The Life and Death of Kurdish Leader Abdul Rahman Ghassemlou
A thorough work of contemporary history and a distillation of the complex web of the Iranian Kurdish political world, this biography of Kurdish leader Abdul Rahman Ghassemlou depicts the character and passionate action of one of the twentieth century’s most exceptional and democratic leaders of a national movement.
Carol Prunhuber, who knew Ghassemlou from the early 1980s, shows us the many facets of a humanist leader of magnitude and worldwide scope. From revolution that toppled the Shah to the dark and treacherous alleys of the Cold War, Dreaming Kurdistan revives the Kurdish leader’s fated path to assassination in Vienna. We know how, why, and who murdered Ghassemlou—and we stand witness to Austria’s raison d’état, the business interests that put a lid on the investigation, and the response of silent indifference from the international community.
Professor of economics in Prague, bon vivant in Paris, clandestine freedom fighter in the Kurdish mountains, stalked by the Shah’s secret police, Ghassemlou is ultimately assassinated by the hit men of Ayatollah Khomeini’s Islamic Republic. Prunhuber takes us, through a murky world of equivocal liaisons, complicities, treachery, and undisguised threats, from Tehran to Vienna.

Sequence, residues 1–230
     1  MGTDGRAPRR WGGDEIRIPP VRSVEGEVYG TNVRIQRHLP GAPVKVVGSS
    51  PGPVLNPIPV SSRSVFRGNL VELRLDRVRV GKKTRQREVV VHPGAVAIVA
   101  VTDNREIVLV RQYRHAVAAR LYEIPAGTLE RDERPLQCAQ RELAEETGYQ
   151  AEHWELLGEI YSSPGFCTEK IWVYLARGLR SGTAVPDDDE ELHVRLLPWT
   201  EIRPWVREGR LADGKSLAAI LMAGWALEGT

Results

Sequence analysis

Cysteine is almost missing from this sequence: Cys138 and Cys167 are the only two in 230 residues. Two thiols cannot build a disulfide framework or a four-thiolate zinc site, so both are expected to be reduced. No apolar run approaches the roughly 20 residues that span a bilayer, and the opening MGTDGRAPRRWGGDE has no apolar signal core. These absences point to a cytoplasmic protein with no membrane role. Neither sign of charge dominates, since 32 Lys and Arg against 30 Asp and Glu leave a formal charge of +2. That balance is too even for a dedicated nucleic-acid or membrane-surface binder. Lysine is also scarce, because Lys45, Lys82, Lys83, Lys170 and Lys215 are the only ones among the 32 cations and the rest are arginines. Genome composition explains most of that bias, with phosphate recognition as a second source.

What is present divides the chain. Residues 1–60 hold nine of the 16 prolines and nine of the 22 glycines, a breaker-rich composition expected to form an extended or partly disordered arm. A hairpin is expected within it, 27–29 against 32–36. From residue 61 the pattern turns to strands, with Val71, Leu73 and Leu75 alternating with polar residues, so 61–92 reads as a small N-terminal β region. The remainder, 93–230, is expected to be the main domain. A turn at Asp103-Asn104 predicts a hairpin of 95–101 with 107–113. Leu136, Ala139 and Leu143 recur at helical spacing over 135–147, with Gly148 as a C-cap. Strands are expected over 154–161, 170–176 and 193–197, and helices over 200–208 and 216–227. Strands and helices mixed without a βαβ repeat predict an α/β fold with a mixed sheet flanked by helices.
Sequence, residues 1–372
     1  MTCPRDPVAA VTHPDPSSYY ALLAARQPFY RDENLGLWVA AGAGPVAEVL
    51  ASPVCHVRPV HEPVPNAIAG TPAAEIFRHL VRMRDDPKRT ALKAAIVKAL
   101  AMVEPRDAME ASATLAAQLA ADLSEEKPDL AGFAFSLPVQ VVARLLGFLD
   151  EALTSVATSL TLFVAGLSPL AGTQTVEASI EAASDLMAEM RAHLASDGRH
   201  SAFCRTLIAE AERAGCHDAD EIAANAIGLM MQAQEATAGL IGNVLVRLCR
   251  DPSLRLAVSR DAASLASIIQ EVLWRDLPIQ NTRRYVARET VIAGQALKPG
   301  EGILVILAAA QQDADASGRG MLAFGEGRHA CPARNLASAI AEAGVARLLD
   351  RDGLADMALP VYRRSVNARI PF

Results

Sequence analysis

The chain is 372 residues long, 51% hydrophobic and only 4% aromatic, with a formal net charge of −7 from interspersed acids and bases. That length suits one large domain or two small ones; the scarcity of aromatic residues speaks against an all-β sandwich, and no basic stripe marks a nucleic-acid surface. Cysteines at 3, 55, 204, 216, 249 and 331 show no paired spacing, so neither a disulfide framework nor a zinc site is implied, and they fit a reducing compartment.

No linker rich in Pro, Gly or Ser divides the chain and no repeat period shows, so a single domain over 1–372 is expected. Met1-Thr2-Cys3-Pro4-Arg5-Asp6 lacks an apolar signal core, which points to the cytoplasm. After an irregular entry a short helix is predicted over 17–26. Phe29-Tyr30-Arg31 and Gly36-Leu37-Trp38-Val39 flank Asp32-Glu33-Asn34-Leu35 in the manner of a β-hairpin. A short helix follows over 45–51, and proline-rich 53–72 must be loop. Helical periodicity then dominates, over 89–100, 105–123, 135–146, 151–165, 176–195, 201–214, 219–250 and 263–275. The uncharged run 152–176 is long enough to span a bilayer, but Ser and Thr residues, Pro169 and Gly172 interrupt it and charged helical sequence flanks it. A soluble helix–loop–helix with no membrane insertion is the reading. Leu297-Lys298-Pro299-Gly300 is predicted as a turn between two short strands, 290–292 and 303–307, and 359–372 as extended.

While the Islamic Republic of Iran continues to perturb and defy the West, Dreaming Kurdistan is essential for an understanding of Iran and the Kurds’ longing for freedom and democracy.
When someone writes my biography,
he must say that I was born when Simko was murdered.
—Abdul Rahman Ghassemlou
That clear afternoon in the month of June, Simko was accompanied by ten armed men as he approached the city of Oshnavieh, where emissaries of Reza Shah waited to negotiate with him. Over and over again, he would remember the old Kurdish saying: “The only Persian you can trust is a dead Persian.”
The sun was falling over the stones along the narrow and dusty path in the mountains on which the riders passed. The horses, nervous, pricked their ears and stretched their necks, measuring each step.
Suddenly, Simko’s black stallion stumbled and some stones loosened and tumbled downhill. They disturbed the silence of the men, the concert of insects, and the echo of the horse’s hooves. Simko tightened the reins, sharpened his ear, and listened to the stones as they tumbled into the river. The rider at the front of the column turned to his chief and Simko gave him the hint of a smile.
Simko was of medium height and rather thin. The virile moustache of the Kurds that he wore hid perfect teeth and a shy smile. But in the set of his mouth you could read, once more, the old refrain that his father used to repeat every time he told the feats of the Shikak tribe to which he belonged.
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